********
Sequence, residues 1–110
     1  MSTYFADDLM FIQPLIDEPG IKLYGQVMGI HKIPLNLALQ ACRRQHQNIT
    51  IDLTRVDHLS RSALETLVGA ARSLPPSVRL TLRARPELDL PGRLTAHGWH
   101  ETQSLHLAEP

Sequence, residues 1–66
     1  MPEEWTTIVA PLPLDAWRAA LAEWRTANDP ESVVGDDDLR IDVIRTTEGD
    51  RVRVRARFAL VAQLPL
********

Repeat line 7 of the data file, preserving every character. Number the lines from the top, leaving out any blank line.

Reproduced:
    51  RVRVRARFAL VAQLPL